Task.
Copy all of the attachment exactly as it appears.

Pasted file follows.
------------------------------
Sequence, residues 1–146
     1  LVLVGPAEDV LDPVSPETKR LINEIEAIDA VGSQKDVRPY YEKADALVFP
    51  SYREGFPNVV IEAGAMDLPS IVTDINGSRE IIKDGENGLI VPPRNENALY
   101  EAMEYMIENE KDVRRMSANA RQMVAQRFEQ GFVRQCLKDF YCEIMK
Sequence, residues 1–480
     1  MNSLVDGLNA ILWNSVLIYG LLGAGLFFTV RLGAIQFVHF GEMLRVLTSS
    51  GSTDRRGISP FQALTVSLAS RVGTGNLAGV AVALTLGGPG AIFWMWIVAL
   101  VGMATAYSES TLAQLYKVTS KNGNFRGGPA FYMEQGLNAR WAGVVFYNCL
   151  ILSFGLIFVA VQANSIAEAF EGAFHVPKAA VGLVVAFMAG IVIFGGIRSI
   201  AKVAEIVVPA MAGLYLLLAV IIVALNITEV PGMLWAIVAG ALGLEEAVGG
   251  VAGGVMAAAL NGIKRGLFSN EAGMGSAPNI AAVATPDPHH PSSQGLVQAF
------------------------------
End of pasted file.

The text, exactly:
Sequence, residues 1–146
     1  LVLVGPAEDV LDPVSPETKR LINEIEAIDA VGSQKDVRPY YEKADALVFP
    51  SYREGFPNVV IEAGAMDLPS IVTDINGSRE IIKDGENGLI VPPRNENALY
   101  EAMEYMIENE KDVRRMSANA RQMVAQRFEQ GFVRQCLKDF YCEIMK
Sequence, residues 1–480
     1  MNSLVDGLNA ILWNSVLIYG LLGAGLFFTV RLGAIQFVHF GEMLRVLTSS
    51  GSTDRRGISP FQALTVSLAS RVGTGNLAGV AVALTLGGPG AIFWMWIVAL
   101  VGMATAYSES TLAQLYKVTS KNGNFRGGPA FYMEQGLNAR WAGVVFYNCL
   151  ILSFGLIFVA VQANSIAEAF EGAFHVPKAA VGLVVAFMAG IVIFGGIRSI
   201  AKVAEIVVPA MAGLYLLLAV IIVALNITEV PGMLWAIVAG ALGLEEAVGG
   251  VAGGVMAAAL NGIKRGLFSN EAGMGSAPNI AAVATPDPHH PSSQGLVQAF